Gender Flips

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Alexandria's former leader, Deanna Monroe, was actually Douglas Monroe in the comics, though Douglas wasn't quite as sympathetic as Deanna proved to be. And little girls Mika and Lizzie were actually twin boys Billy and Ben, though the same murderous intent was there in both. However, in the comics tiny Carl takes out the serial killer sibling instead of Carol doing the job.

The Governor's Fate

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The Governor and his antics is an instance of things being somewhat more toned down on the show, though he still performed his fair share of cruelties. In the comics, not only does the Governor cut off Rick's hand, but he targets Michonne in particular when she's taken hostage alongside Rick and Glenn. The Governor tortures and rapes Michonne over and over until she is eventually able to break free and take revenge, which she does in the bloodiest way possible. Michonne mutilates the Governor by taking out his eye, cutting off his arm, and castrating him. She only lets him live so that she can continue the torture at a later date.

Rick's Hand

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While on the topic: the loss of Rick's hand is a huge moment from the comics that hasn't made it to the small screen yet, and might not ever. It's a big obstacle for Comics Rick and it shows that he's not safe just because he's the protagonist. However, Show Rick's shooting hand has indeed been safe so far.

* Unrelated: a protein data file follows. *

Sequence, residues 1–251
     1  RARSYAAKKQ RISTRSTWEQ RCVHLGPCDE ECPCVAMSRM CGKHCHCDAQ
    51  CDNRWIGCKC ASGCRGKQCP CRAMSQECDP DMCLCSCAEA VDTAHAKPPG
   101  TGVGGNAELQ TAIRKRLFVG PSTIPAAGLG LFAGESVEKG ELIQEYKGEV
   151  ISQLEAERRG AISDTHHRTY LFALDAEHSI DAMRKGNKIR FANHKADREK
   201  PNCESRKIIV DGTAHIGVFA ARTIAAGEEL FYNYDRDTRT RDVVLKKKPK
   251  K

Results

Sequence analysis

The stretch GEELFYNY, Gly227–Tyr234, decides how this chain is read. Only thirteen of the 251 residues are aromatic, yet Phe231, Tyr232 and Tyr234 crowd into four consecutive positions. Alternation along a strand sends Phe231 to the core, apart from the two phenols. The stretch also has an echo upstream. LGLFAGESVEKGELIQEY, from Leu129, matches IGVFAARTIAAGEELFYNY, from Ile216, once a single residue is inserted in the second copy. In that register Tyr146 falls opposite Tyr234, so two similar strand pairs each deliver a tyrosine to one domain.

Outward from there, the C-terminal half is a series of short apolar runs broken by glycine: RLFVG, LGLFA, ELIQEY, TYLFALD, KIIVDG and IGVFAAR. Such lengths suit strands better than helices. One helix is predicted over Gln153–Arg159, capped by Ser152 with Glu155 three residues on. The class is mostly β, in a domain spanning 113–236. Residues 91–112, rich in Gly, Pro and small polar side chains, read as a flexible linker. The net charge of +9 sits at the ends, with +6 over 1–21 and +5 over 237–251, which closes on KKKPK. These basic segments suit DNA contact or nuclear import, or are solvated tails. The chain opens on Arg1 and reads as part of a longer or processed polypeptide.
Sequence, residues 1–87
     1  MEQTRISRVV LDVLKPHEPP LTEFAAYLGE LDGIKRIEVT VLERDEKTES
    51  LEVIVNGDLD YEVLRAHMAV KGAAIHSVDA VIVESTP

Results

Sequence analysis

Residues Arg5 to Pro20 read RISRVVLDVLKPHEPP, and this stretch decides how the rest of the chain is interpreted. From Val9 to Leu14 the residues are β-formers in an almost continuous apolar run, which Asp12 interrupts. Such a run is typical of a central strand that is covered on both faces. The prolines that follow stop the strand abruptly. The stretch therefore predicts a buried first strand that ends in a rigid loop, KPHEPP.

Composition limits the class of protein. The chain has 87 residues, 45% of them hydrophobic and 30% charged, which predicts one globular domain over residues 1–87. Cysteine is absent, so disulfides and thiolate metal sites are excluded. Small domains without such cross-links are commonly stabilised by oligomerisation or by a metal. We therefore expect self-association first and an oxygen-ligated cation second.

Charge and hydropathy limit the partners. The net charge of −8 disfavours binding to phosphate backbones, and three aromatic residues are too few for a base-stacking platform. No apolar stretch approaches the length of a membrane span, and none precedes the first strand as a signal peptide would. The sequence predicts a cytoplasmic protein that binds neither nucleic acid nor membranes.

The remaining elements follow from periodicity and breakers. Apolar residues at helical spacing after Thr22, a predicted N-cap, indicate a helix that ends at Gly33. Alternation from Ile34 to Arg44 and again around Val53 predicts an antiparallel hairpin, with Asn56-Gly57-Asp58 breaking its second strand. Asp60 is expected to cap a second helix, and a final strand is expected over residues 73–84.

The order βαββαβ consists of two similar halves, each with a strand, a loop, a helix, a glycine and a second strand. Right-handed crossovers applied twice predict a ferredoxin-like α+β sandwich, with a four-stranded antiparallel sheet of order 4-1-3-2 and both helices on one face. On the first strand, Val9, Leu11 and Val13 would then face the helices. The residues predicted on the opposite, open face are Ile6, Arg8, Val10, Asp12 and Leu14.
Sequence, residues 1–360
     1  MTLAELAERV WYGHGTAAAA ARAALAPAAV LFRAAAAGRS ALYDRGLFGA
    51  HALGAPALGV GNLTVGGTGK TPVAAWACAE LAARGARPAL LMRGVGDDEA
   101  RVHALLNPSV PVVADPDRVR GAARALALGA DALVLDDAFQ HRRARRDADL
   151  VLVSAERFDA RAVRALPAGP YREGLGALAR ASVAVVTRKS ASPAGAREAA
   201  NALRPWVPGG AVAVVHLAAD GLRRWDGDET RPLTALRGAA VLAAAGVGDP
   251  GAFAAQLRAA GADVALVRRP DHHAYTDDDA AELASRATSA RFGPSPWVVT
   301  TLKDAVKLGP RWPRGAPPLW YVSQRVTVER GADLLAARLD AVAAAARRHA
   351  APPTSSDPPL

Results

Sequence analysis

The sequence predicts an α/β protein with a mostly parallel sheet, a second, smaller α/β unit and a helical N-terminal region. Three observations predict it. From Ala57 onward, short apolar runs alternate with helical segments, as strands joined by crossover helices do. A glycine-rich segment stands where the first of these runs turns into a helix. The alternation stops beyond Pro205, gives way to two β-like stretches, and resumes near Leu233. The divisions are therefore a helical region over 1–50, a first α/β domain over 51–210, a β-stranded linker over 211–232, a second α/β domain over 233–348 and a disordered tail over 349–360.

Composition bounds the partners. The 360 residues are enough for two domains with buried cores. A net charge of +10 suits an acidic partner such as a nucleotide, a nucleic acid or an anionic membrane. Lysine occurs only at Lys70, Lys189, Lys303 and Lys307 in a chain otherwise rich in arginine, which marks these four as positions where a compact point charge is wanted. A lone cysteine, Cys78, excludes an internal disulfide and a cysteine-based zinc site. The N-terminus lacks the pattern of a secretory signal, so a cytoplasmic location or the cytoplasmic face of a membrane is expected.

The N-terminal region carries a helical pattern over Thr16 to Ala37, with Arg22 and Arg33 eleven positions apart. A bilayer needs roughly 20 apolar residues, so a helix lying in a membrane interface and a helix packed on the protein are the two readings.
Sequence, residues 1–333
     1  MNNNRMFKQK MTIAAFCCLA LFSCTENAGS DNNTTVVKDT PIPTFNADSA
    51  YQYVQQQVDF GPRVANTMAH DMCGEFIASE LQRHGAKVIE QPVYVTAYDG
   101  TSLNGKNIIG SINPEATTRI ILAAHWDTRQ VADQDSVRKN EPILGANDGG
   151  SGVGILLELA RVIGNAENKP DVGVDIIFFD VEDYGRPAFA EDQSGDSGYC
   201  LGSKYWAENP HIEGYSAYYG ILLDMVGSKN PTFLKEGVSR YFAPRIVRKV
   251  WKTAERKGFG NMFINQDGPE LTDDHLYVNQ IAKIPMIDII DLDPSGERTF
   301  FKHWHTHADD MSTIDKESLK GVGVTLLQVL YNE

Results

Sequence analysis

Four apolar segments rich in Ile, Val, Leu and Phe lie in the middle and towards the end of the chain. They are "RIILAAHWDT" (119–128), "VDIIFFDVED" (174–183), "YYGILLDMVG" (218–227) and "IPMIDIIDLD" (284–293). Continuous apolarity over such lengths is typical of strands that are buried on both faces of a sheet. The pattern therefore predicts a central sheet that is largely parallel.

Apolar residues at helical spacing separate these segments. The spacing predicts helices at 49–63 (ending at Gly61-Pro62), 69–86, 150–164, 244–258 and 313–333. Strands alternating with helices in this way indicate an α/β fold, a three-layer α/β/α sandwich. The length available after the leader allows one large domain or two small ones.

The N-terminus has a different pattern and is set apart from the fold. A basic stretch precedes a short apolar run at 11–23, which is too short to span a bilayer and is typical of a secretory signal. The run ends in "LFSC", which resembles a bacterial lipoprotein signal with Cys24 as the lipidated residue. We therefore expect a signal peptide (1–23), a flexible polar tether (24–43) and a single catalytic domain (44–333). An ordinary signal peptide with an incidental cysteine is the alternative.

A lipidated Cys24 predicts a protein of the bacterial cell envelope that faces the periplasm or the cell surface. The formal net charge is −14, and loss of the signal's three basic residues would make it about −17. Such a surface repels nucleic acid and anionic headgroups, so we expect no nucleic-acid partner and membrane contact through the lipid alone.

Terminus

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Terminus doesn't exist in the comics, though there is a group of cannibals called the Hunters. The Hunters didn't have a smoothly run operation like Terminus, though they did slice and dice Dale's leg much in the way they did poor Bob's on the show.

Love Connections

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If anything, it seems like there are more hookups in the comics than there are on the show, where the characters are usually more concerned with not dying than letting themselves form lasting relationships. Andrea doesn't get together with the Governor in the comics, but she does get involved with Dale and later Rick, who she's still with. Show Michonne has taken over Andrea's place to some extent, including her relationship with Rick; in the comics, Michonne doesn't date him, but she does get involved with Tyreese, Morgan, and King Ezekiel. Carl and Sophia also have a little bit of a tween romance instead of Carl and Enid. And once Aaron's boyfriend meets an unfortunate end, he and Jesus start a possible flirtation.

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Despite how much the comics and the show have in common, in many ways they're still worlds apart. So while the comics can be counted on to provide a little bit of guidance for the direction of the show, they can't be totally relied upon. There are as many differences as there are similarities.